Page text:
Although diabetes is a physical condition, there is also a connection between diabetes and mental health. Good mental health is important for good diabetes care and vice versa. But what happens when your mental health is not in such a great state because you are exhausted by diabetes? Something you may start to feel is diabetes burnout, and that has been a struggle for me this academic year.This year was a particularly hard year for me, from both a diabetes and an academic standpoint. The summer before my sophomore year, I was dealing with several insurance problems, and those issues bled into the beginning of my fall semester. My a1c was high, and my numbers always felt out of whack, either too high or too low. I was also taking 6 classes both semesters of this year and was on several club e-boards. I knew I would have a lot on my plate, but I didn’t realize how much these things would take a toll on me; after all, I’ve been living with type one diabetes (T1D) for about 18 years now so I should be able to handle this, right?But soon enough I was throwing myself into my school...
I was beyond thrilled when I was accepted to attend the College Diabetes Network (CDN) Annual Retreat in Maine this year. The purpose of the retreat is to further develop leadership skills, provide networking opportunities, and allow for students to share experiences. Knowing I would be among so many leaders, advocates, and inspiring individuals who cared so much about the type one diabetes (T1D) community was so exciting. From past leadership conferences and trainings I’ve attended, my expectations were to attend sessions and write notes or simply retain the information that would be thrown at us. CDN went above and beyond with their retreat, and it’s an experience that has inspired me to get more involved, better myself as a leader, and advocate for diabetes awareness.The structure of the retreat has been similar to my expectations in that there are breakout sessions, but the way the sessions are structured is truly innovative. CDN is not only providing us with leadership opportunities, but they are utilizing the students as evaluators, innovators, and future leaders for advocating for T1D. Each session began with a topic or concept presented to us, then whoever was running the session allowed the students to brainstorm ideas...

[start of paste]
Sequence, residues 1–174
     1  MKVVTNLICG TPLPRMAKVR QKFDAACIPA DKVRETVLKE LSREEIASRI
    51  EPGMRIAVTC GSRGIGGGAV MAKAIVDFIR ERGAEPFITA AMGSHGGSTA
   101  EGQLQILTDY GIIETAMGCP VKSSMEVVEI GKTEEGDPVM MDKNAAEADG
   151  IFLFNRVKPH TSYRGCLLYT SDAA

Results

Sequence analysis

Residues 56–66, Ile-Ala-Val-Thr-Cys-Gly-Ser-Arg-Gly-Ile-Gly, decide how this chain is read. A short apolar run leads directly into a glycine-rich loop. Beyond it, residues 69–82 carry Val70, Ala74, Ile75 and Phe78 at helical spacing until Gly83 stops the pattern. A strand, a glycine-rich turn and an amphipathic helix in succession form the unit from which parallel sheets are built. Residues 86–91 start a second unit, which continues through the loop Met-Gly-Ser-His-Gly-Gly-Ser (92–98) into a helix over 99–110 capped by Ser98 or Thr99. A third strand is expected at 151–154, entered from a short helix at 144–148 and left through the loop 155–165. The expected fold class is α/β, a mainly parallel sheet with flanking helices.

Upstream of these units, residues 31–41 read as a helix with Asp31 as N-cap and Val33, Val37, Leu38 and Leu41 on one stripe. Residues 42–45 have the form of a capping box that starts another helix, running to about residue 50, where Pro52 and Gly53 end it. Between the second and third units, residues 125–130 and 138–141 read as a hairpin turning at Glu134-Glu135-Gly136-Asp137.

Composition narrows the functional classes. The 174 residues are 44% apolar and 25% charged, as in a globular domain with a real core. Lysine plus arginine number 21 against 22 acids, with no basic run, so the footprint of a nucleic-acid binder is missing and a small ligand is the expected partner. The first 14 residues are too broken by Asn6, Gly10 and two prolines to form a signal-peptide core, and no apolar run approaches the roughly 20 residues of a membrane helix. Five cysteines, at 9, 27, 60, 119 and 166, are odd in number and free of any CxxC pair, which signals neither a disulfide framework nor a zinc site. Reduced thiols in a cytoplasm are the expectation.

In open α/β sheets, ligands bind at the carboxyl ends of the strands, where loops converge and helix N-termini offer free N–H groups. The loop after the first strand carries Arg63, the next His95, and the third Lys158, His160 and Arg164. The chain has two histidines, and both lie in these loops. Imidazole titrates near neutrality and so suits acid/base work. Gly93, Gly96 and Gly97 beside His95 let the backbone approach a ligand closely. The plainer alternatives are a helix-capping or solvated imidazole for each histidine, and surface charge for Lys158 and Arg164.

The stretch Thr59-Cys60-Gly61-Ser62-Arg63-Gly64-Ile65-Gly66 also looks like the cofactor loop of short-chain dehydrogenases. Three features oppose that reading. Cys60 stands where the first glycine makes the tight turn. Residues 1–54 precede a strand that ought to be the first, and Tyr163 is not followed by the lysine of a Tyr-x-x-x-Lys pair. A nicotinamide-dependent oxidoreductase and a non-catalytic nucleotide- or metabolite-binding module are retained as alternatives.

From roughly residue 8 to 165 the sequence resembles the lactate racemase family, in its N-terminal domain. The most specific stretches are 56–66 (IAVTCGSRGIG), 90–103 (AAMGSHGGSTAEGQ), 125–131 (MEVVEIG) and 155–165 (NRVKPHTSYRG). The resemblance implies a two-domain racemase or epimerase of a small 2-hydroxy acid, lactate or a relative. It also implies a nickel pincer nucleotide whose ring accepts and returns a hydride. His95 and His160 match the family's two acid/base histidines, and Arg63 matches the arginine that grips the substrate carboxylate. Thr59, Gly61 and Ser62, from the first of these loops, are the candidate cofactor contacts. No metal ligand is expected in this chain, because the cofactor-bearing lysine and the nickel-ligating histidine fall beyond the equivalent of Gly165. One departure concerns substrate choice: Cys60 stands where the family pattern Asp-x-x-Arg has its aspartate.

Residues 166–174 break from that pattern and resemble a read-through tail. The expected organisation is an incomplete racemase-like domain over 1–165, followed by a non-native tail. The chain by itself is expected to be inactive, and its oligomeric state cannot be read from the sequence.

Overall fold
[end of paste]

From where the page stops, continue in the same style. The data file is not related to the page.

It’s dark. My body is submerged in a cold sweat, all of my muscles begin to tremble as I try to move, and finally what I consider the worst part, my chest feels awkwardly and unimaginably heavy, making it difficult to breathe. I’m on my bed, feeling a sickening lack of energy caused by low blood sugar, and I’m all alone. To all my fellow T1D’s, even though type 1 diabetes (T1D) only affected a few hours of my sleep last night, you probably can understand that it’s a 24/7 job. It. Literally. Never. Goes. Away. Whether we’re in class, at the gym, grocery shopping, or participating in any other kind of daily activity, you don’t always know when it will show its face. That means four to five finger pricks and needles a day, and still getting shaky or severely dehydrated when the math isn’t quite right.My name is Sabrina, and I want to share my story of how diabetes has an effect on my mental health and what I’ve learned from it. Having my blood sugar fluctuate on an insanely broad spectrum for most of my life has been challenging, to say the least. Despite this, I wholeheartedly...